Rev. Karen Hernandez, pastor of Living Hope-Kuna United Methodist Church
On Wednesday, March 5, my congregation marked the beginning of the Christian season of Lent. (We literally “marked” it, namely with a special worship service and with ashes on our foreheads!) While this is commonplace in some mainline Christian traditions, it is not universally practiced.
Lent originally meant “long days” and referred to springtime when the daylight hours were slowly getting longer. Over many centuries, Lent ceased to mean spring in general and came to mean spring in the Christian church and, more specifically, the forty days (plus Sundays) immediately before Easter. “Long days” is still appropriate because the number forty in scripture communicates to readers “a long time.” Examples include Noah experiencing the pouring rains for forty days and forty nights; Moses fasting on Mt. Sinai for forty days and forty nights, then receiving the ten commandments; the nation of Israel wandering in the wilderness for forty years; the prophet Elijah, who also had a forty-day period of fasting; and finally Jesus’ forty days and forty nights of fasting in the wilderness just before the start of his public ministry. (At the end of this time, Jesus uses scripture as his reference point when tempted with different offers of power. You can read it in Matthew 4:1-11.)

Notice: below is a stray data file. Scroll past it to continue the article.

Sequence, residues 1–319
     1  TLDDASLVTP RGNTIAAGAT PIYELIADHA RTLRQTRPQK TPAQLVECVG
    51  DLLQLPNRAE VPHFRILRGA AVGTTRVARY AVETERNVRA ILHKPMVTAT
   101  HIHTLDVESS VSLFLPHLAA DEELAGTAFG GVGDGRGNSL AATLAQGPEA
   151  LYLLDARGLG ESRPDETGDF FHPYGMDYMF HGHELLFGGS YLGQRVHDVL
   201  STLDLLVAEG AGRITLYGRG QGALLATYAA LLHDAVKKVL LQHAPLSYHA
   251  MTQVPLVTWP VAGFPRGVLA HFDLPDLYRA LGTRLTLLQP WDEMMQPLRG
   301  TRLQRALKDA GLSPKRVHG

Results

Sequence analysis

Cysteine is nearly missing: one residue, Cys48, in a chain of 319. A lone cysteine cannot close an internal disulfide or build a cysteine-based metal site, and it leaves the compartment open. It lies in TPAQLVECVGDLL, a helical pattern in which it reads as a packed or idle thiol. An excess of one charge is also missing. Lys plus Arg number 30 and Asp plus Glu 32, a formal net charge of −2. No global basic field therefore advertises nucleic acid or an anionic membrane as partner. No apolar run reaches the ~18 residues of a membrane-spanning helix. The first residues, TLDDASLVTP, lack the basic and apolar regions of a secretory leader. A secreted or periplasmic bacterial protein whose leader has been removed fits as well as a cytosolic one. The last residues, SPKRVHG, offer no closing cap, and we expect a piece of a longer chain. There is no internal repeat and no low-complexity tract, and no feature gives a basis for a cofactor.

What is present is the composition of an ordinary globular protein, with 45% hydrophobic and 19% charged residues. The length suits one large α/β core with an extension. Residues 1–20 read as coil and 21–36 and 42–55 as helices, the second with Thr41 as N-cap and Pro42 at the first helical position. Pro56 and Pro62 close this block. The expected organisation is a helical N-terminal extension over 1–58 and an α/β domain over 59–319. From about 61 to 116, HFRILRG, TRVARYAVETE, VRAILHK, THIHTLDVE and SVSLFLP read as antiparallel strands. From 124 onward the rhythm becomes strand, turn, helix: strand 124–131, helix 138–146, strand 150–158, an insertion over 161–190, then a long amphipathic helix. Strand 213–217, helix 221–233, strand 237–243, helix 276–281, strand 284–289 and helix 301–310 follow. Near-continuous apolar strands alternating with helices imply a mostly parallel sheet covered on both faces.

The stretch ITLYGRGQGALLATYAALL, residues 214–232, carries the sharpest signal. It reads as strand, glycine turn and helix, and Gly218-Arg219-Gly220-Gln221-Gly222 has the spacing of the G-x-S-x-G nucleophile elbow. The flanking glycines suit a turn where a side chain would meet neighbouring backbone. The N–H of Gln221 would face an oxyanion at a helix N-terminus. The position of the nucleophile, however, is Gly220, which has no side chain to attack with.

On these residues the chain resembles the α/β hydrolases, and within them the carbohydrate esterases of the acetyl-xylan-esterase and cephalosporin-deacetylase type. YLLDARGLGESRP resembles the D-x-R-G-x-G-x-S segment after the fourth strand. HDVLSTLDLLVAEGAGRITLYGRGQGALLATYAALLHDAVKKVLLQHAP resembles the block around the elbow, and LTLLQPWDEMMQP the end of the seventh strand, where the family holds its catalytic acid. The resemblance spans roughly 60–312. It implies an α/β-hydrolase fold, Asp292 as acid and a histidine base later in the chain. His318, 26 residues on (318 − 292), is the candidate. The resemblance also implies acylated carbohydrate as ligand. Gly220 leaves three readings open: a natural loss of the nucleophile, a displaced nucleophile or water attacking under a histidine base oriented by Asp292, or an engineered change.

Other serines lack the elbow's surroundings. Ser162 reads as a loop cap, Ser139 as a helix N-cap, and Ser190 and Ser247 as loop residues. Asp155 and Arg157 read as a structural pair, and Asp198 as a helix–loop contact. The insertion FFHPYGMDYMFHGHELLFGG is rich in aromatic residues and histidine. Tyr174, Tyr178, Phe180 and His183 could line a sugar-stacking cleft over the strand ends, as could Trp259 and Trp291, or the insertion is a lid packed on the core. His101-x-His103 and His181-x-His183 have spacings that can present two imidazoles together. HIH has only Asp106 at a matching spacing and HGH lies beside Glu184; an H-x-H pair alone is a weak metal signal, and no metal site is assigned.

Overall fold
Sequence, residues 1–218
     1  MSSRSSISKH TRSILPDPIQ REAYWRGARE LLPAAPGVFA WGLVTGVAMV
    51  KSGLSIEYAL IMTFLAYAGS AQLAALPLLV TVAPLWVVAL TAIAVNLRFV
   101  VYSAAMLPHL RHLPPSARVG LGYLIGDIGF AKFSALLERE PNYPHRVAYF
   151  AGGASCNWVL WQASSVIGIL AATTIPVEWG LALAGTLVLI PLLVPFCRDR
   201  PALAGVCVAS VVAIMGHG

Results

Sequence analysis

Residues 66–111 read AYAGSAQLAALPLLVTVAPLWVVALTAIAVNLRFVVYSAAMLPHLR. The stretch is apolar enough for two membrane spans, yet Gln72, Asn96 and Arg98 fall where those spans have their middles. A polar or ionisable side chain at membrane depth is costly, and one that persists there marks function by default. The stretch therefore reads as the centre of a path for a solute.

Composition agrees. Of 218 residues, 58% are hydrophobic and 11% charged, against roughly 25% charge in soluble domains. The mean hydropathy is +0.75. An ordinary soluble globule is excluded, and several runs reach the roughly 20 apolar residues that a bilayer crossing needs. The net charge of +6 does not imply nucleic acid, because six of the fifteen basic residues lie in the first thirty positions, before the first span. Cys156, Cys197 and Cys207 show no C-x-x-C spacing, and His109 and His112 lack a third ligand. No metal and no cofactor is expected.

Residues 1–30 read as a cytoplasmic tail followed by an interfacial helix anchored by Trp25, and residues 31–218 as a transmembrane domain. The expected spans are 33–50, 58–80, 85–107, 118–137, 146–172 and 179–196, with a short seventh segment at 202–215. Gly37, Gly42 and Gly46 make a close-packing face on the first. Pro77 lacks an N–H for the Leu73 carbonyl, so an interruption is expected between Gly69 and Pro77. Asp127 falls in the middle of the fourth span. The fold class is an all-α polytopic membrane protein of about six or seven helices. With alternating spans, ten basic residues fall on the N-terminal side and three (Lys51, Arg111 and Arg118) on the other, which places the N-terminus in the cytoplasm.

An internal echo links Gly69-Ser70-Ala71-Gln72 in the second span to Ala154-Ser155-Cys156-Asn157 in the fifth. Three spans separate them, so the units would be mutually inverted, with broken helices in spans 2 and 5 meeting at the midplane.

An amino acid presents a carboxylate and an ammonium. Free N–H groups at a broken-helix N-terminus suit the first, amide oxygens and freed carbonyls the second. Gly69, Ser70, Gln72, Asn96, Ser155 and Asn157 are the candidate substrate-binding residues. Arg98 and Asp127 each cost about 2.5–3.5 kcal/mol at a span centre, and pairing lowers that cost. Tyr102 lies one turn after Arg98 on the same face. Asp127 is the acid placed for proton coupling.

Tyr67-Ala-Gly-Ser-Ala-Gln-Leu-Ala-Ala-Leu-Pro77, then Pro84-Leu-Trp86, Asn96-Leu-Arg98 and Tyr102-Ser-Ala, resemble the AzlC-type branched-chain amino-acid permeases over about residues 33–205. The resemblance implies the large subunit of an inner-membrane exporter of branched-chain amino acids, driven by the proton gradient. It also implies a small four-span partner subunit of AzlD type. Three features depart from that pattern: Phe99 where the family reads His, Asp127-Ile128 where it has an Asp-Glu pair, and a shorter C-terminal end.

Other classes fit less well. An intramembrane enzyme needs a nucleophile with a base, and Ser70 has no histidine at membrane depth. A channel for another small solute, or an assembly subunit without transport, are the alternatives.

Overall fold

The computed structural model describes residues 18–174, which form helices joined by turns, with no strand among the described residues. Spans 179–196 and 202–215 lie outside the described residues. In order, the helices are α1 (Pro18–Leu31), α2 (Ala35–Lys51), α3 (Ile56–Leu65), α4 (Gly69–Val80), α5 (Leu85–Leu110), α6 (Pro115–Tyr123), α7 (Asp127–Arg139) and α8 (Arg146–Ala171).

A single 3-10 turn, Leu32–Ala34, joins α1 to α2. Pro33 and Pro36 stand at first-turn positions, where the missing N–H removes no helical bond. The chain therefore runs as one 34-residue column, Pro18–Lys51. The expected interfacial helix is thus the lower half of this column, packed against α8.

Christian tradition says that Lent is to be a season of repentance, fasting, and prayer. It tends to be an introspective, contemplative, and more somber season. Many who observe Lent do so by making a sacrifice (such as giving up soda or making an additional financial contribution to a particular cause), fasting (from a particular food, from technology, or from something else whose absence will highlight the person’s dependence on God), or taking on a new discipline (perhaps silent meditation) for the season. The idea is to rid ourselves of the myths of self-sufficiency and independence, to heighten our awareness of dependence upon God, to recognize the tremendous gift of Jesus’ sacrifice for us, and eventually to experience the joy of Easter more fully.
I considered giving up chocolate for Lent, but I convinced myself that my soul really is better off if I eat chocolate pretty regularly! Then I thought about sacrificing my terrible habit of procrastination. Even though I think it would benefit my body, mind, and spirit, I decided to wait until next year for that!
On a more serious note, it is a kind of procrastination that I am aiming to give up once and for all. I have recognized my tendency to give into the temptation to be nice rather than truthful, to take the path of least resistance rather than taking a stand, to talk about the weather instead of what really matters. Those are daily temptations that add up to the very real temptation to let time—even a lifetime—slip away without getting to the truly important things.
One of the traditional funeral prayers in the United Methodist Book of Worship includes these lines:
“Help us to live as those who are prepared to die.
And when our days here are accomplished,
enable us to die as those who go forth live,
so that living or dying, our life may be in you,
and that nothing in life or in death will be able to separate us
from your great love in Christ Jesus our Lord.”
That is what I am seeking in this season: to ensure that I’m living as one prepared to die, so that when I die I will be prepared to live.
If you want to join me in this effort to live with more sincerity and fewer regrets, then join me in worship at Living Hope-Kuna United Methodist Church (260 W. 4th Street) at 9 or 11 a.m. every Sunday and we will learn and practice this together.